Skype Desktop App Now Supports Noise Cancelation

Posted on March 13, 2021 by Paul Thurrott in Skype with 6 Comments

Microsoft has brought its AI-enhanced and Teams-based noise cancelation functionality to the desktop versions of Skype.

“Whether it’s people talking, kids playing, the construction workers next door, or your pet dog scaring that imaginary monster away from the front porch, background noise can be really distracting when you’re trying to talk on Skype,” a recent post to the Skype Blogs explains. “Well, no more! We are pleased to announce the release of our latest background noise suppression feature in the Skype desktop app. Originally developed for Microsoft Teams, this new feature is designed to silence just about everything except for your voice when you’re meeting on Skype.”

Noise cancelation is on by default, but you can configure the feature in Skype settings. You’ll find the following choices:

Auto (default). Skype will adjust the level of noise suppression dynamically and based on your environment.

Low. Only low levels of persistent background noise, like a computer fan or air conditioner, will be suppressed. (Microsoft notes that you can use this setting if you want to share the music you are playing.)

High. All background sound will be suppressed except for speech.

Off.  Noise cancellation is disabled.

Want to know more? Microsoft has an interesting discussion about how it is using machine learning (ML) to learn the difference between clean speech and noise here.

Thanks to Burke McQuinn for the tip!

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Comments (6)

6 responses to “Skype Desktop App Now Supports Noise Cancelation”

  1. Avatar

    samp

    The weird thing here is Zoom, Microsoft teams and Google Meet have already had this feature, how long can it take to import it from Teams to Skype?

    Skype is struggling, Zoom has taken up its market share, (though Microsoft as a whole is getting it back in Teams), though why Microsoft is still trying to improve on a product thats going away in less than 6 months is anyone's guess.

    • Avatar

      mobispoke

      In reply to samp:

      Where is it reported that Microsoft is getting rid of Skype in less than 6 months? I think you are referring to Skype for Business. They are actually very different products. Skype for Business was a rebranding of Lync and MSFT tried to smash it into the consumer product Skype. Chris Capacillo told Thurrot and Mary Jo on Windows Weekly late last year that Skype is not going away.

    • Avatar

      wright_is

      In reply to samp:

      From what I've seen, Zoom isn't really a competitor to Skype, at least not directly. Zoom is aimed more at meetings and if you want to talk for more than 40 minutes at a go, it costs money, whilst Skype allows ad-hoc calls to individuals or groups of people of indeterminate length.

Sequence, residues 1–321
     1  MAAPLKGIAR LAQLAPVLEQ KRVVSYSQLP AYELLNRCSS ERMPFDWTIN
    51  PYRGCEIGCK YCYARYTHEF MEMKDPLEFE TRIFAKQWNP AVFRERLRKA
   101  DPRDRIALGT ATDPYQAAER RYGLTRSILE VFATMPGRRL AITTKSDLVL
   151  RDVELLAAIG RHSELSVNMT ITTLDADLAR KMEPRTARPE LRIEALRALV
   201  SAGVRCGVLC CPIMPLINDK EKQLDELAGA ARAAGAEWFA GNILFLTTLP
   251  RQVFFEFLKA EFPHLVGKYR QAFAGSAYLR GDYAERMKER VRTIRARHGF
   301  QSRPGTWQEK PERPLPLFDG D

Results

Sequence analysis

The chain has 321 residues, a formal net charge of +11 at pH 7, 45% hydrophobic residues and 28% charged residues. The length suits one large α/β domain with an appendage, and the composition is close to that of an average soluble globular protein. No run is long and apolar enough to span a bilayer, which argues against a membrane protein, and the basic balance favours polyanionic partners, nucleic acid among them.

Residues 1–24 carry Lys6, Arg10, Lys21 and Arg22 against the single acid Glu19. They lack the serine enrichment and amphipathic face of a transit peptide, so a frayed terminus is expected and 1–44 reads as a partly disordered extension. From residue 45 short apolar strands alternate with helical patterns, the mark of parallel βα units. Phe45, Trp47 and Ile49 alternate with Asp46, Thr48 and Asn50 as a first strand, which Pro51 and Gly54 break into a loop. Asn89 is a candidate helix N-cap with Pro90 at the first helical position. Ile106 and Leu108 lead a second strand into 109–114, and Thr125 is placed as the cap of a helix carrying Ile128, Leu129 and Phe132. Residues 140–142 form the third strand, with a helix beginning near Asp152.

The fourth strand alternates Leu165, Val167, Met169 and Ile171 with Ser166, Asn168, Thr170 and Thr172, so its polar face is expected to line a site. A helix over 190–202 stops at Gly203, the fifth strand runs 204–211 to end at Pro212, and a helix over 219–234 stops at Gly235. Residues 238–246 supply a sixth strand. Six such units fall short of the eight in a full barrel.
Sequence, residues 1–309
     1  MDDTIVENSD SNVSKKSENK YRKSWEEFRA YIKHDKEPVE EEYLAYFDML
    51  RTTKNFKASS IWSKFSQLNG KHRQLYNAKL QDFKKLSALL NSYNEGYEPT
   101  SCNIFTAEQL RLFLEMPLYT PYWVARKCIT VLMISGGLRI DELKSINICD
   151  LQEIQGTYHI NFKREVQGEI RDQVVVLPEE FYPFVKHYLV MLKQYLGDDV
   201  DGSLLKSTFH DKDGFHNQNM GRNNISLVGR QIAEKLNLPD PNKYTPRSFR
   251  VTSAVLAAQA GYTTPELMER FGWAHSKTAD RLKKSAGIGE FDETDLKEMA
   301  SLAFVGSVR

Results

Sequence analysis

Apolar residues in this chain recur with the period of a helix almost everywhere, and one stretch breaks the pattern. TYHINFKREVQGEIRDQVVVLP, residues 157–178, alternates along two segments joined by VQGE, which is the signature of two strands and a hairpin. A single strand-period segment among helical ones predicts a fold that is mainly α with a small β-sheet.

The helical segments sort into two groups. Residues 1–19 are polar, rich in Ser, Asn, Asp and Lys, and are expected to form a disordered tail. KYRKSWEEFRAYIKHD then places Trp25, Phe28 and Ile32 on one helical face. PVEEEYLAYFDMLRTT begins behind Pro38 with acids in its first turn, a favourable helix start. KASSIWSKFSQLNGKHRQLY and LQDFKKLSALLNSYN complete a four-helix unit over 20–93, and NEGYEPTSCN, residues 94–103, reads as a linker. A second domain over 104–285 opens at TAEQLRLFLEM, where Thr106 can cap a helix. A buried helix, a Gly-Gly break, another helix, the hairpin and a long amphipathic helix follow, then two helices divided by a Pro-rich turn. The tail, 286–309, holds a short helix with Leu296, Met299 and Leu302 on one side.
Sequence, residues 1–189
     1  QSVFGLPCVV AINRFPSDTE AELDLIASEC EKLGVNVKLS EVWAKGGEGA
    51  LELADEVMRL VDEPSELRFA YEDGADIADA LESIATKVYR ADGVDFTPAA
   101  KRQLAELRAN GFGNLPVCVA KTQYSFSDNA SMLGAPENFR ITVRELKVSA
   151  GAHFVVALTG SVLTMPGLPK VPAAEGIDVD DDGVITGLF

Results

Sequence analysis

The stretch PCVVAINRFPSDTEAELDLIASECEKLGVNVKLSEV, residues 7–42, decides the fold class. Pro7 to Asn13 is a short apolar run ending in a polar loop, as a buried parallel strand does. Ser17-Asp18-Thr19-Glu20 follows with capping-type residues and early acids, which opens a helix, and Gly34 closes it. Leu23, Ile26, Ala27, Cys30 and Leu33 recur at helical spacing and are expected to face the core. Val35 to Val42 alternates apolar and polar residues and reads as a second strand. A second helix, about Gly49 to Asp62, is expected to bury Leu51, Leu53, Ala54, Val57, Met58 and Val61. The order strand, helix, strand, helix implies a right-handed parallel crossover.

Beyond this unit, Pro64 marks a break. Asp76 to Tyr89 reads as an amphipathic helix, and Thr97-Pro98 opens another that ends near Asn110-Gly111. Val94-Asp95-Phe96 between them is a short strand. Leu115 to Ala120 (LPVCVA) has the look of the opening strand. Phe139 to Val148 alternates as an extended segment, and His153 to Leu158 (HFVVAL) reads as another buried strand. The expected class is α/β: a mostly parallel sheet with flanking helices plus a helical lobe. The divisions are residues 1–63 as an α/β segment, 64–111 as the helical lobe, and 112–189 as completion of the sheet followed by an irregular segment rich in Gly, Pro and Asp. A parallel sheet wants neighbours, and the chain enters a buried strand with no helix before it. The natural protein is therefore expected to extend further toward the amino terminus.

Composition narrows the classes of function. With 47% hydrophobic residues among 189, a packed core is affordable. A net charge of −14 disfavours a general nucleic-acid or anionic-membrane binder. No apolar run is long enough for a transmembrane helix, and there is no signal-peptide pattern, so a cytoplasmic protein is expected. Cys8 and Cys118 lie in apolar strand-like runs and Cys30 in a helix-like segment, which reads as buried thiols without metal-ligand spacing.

@mobispoke Microsoft announced last year that they want to migrate people away from Skype to Teams for home users. Whether that will just be a rebranding or whether they have rethought the matter is a different kettle of fish.

      Office.com is still showing Skype for now.

      • Avatar

        mobispoke

        In reply to wright_is:

        I agree that Skype vs Zoom is not a particularly equivalent comparison, although the same can be said of Teams vs Zoom, given that the persistent chat + video functions of Teams are predicated on the same technology platform as Skype. Skype now allows up to 100 screens to be visible at once on a call with up to 250 total users. Moderated chats/calls were enabled last spring, allowing the platform to be used more easily for teaching. And the Meet Now function is an easier way to schedule and host a meeting compared to the creation of a Zoom meeting IMO. I think one of the big challenges that Skype faced was the fact that most people have a Skype account, have long forgotten their password, and the platform is very good at insisting you retain your account associated with your email address. (as of 2019 there were 4 billion Skype accounts, far in excess of the monthly users. Source: https://azure.microsoft.com/en-us/blog/how-skype-modernized-its-backend-infrastructure-using-azure-cosmos-db-part-3/) .


        There has been plenty of speculation, including by Paul and Brad, about the imminent demise of Skype, particularly before Teams for home users was officially announced. However, this site also reported last year Microsoft was integrating the Teams and Skype directories and at the launch of Teams for home users, how Microsoft took the opportunity to highlight Skype use figures rather than announce its demise. Meanwhile, GroupMe, a subsidiary of Skype, recently solicited input from me along with other users about features it is thinking on bring into the app, after years of stasis (except for, interestingly enough, a Skype button to schedule Skype calls within a GroupMe chat). I think it's very possible Microsoft was thinking of pulling the plug on Skype before the Pandemic before usage picked up again (as was the case for every video conference platform). However, the current trajectory seems to be that they recognize the platform has a steady enough user base that the only thing forcing a conversion to Teams will only go to undermine consumer users. Time will tell, though. 


        • Avatar

          darkgrayknight

          In reply to mobispoke:

          from what I understand, Teams uses the "skype system" underneath. So as they add features to Teams, they can pretty readily apply back to Skype. They should keep the Skype product and just make it integrate with Teams for video/chat capabilities (so maybe expand Skype to be Teams for Home users). Though this may be a bit more difficult than it seems like it should be.

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